Wednesday, January 31, 2007

FBI uses immigration sting to net racketeers

An FBI undercover operation involving an immigrations officer who gave the appearance of being on the take has resulted in the arrests of 11 alleged members and associates of the Gambino and Lucchese Crime Families and two alleged associates of the Sicilian Mafia, according to a press release from the U.S. Attorney for the Eastern District of New York.

The operation reportedly began when Joseph Orlando, alleged Gambino soldier, approached a family associate, believing him to have connections to corrupt government officials. Orlando allegedly sought to pass a bribe through the associate to an immigration official in order to acquire legal residence status for his girlfiend. The associate was unable to deliver, was allegedly threatened and contacted the FBI for protection. Through the associate's cooperation, the Bureau arranged for Orlando to meet with an undercover agent, posing as a corrupt official.

According to the U.S. Attorney's Office, "Orlando told other members and associates of the Gambino family of the cooperating witness’s purported contact with corrupt government officials; this in turn led other defendants to contact the cooperating witness in attempts to further other criminal schemes."

Those schemes reportedly included the smuggling of gold bars into the U.S. from the Philippines and the release of a reputed Sicilian Mafia associate from U.S. federal detention.

FBI Assistant Director-in-charge Mark J. Mershon seemed especially pleased at the arrest of George DeCicco (right), 77, reputed captain in the Gambino Family. Mershon designated DeCicco the "Cal Ripken" of the American mob.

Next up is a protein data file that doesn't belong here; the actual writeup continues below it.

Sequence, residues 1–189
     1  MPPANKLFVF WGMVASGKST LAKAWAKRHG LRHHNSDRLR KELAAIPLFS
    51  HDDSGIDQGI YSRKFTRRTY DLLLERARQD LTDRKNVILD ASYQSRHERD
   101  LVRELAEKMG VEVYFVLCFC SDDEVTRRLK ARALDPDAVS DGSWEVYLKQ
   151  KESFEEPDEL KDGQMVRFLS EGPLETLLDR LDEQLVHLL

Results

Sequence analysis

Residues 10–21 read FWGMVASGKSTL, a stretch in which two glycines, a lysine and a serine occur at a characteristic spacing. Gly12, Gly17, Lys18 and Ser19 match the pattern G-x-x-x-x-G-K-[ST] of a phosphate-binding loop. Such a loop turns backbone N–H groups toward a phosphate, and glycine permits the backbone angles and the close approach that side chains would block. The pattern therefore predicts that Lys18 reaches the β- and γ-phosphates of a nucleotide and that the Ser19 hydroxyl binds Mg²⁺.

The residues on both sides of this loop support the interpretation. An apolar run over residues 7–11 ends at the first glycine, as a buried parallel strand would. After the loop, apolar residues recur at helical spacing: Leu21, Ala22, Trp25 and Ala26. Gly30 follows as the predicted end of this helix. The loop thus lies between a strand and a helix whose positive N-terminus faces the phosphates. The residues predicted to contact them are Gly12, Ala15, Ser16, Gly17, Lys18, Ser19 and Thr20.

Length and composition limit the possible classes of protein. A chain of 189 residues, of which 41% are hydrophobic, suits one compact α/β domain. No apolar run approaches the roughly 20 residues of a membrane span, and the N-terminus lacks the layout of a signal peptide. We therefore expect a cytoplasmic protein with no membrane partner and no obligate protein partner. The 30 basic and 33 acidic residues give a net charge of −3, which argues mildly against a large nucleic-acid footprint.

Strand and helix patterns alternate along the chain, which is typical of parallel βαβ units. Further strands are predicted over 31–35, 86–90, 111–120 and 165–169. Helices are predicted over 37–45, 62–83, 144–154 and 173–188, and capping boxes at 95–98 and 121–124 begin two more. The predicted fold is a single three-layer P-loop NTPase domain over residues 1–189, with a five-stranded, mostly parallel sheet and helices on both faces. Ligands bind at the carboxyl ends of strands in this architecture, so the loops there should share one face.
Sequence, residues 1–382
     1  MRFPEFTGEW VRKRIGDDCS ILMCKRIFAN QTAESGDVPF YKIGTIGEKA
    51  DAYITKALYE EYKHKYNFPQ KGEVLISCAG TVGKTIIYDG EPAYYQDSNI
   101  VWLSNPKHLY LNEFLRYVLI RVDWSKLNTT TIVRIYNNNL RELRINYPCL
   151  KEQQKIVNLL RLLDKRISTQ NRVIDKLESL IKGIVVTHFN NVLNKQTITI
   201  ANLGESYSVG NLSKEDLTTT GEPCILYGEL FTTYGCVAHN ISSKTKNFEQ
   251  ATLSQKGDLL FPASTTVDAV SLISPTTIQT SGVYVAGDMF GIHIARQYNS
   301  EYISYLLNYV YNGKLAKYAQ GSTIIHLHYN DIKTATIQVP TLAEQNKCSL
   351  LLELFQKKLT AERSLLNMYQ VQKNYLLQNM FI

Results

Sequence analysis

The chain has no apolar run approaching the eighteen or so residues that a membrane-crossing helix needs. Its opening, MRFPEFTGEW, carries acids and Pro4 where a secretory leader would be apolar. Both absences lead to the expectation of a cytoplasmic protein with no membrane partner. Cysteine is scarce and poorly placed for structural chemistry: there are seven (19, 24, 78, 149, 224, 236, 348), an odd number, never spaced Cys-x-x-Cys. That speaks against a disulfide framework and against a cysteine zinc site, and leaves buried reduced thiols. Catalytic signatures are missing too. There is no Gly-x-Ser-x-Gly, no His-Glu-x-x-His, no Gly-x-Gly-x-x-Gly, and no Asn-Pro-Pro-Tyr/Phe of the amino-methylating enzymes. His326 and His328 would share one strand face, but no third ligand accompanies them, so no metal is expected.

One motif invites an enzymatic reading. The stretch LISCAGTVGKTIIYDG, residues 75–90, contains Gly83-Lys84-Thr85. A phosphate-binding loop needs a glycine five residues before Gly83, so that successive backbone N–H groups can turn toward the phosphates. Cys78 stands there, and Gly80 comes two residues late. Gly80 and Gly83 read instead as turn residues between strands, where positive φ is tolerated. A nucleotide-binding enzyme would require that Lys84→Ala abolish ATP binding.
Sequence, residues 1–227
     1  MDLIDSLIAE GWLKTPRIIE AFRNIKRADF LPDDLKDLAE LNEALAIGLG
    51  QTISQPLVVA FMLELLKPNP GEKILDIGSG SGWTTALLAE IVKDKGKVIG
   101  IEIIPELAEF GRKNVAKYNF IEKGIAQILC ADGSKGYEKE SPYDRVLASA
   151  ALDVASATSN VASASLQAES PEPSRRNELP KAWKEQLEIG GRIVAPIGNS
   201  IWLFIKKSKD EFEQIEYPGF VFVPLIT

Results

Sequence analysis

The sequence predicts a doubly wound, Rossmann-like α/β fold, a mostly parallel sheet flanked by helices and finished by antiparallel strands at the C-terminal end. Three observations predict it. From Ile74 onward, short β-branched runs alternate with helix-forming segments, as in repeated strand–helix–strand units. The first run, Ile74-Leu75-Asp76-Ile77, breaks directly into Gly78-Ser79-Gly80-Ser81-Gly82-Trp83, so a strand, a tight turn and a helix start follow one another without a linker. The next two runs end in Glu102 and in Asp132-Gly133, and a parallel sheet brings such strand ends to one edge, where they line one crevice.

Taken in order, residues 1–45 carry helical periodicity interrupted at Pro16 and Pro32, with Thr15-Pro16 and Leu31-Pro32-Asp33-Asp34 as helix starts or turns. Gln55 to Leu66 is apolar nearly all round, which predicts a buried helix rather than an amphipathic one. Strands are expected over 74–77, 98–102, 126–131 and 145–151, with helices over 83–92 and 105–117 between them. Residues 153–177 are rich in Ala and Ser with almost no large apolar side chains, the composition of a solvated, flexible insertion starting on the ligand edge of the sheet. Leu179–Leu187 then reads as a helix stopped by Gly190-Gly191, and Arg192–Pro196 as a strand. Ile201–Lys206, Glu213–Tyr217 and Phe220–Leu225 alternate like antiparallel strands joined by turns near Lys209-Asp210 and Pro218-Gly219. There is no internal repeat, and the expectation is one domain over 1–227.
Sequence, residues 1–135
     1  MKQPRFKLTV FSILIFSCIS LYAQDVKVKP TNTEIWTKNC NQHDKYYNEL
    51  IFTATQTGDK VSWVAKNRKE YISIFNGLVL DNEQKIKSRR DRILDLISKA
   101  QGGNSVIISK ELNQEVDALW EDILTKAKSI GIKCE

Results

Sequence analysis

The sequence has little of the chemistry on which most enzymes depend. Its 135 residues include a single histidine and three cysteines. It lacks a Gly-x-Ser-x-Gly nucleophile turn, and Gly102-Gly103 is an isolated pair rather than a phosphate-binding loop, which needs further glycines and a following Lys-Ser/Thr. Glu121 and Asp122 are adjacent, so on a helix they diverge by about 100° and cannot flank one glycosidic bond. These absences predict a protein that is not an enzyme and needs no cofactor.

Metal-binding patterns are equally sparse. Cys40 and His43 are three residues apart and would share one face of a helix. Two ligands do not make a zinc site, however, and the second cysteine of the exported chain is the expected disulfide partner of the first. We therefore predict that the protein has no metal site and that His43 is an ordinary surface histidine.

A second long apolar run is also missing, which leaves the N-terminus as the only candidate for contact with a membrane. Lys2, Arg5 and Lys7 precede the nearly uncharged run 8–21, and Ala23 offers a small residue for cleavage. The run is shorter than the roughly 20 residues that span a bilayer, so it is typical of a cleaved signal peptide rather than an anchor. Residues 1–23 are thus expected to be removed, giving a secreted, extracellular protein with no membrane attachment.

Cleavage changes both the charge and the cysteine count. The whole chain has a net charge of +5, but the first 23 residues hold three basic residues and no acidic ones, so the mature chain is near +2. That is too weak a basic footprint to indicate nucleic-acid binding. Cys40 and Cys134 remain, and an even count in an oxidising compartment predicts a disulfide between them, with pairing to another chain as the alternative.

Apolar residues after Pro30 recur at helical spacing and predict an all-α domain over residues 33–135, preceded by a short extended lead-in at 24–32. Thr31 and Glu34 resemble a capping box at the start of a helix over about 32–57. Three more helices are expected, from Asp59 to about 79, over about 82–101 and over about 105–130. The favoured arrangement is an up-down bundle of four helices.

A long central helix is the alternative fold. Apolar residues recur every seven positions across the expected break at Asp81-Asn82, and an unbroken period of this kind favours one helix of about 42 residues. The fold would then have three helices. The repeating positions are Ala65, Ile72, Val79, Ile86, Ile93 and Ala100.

"George DeCicco has operated continuously for so long that his arrest today is like the end of Cal Ripken’s consecutive-game streak," said Mershon. "The difference is that Ripken’s streak ended when he voluntarily took himself out of the lineup."

A story by Stefanie Cohen in today's New York Post called DeCicco, "the last of the Gotti gang." The story noted that DeCicco was the only member of Gotti's inner circle who had never been busted.

(Several DeCiccos have held important positions with the Gambino family since John Gotti's reign. Frank DeCicco, brother of George, allegedly lured Gambino boss Paul Castellano to his death in 1985 and served as Gotti's underboss until he was blown up by a remote controlled bomb outside of a Brooklyn social club in 1986. Joseph "Joe Butter" DeCicco, another brother, reputedly served the family as an associate for many years.)

Officials noted that the undercover operation revealed the close working relationship between American and Sicilian Mafiosi.

The 13 individuals arrested were:

Joseph "Joey Boy" Orlando, DOB March 19, 1949
George DeCicco, DOB March 20, 1929
Robert DeCicco (George's son), DOB July 27, 1950
James Avalone, DOB Aug. 3, 1943
Jerry DeGerolamo, DOB April 1, 1971
Steven "Rigatoni" Famiglietta, DOB Feb. 14, 1962
Michael Fichera, DOB Sept. 14, 1962
Richard Juliano, DOB March 26, 1940
Richard J. Juliano, DOB Jan. 15, 1975
Francesco Nania, DOB Jan. 19, 1967
Vito Rappa, DOB Oct. 15, 1967
Kurt Ricci, DOB Sept. 15, 1965
Joseph "Joey Zack" Zuccarello, DOB April 24, 1954

Related MobNews post:

About Me

My photo
Writer, editor, researcher, web publisher, specializing in organized crime history. (I am available to assist with your historical/genealogical research, as well as your writing and editing chores. Email me at
I am editor/publisher of crime history journal, Informer; publisher of American Mafia history website; moderator of Mafia-related online forums; author of Wrongly Executed?; coauthor of Deep Water: Joseph P. Macheca and the Birth of the American Mafia and DiCarlo: Buffalo's First Family of Crime; contributor of American Mafia history to Australian-published Mafia: The Necessary Reference to Organized Crime; writer/co-writer of crime history articles for Informer, On the Spot Journal, Cigar City Magazine, Tampa Mafia Magazine.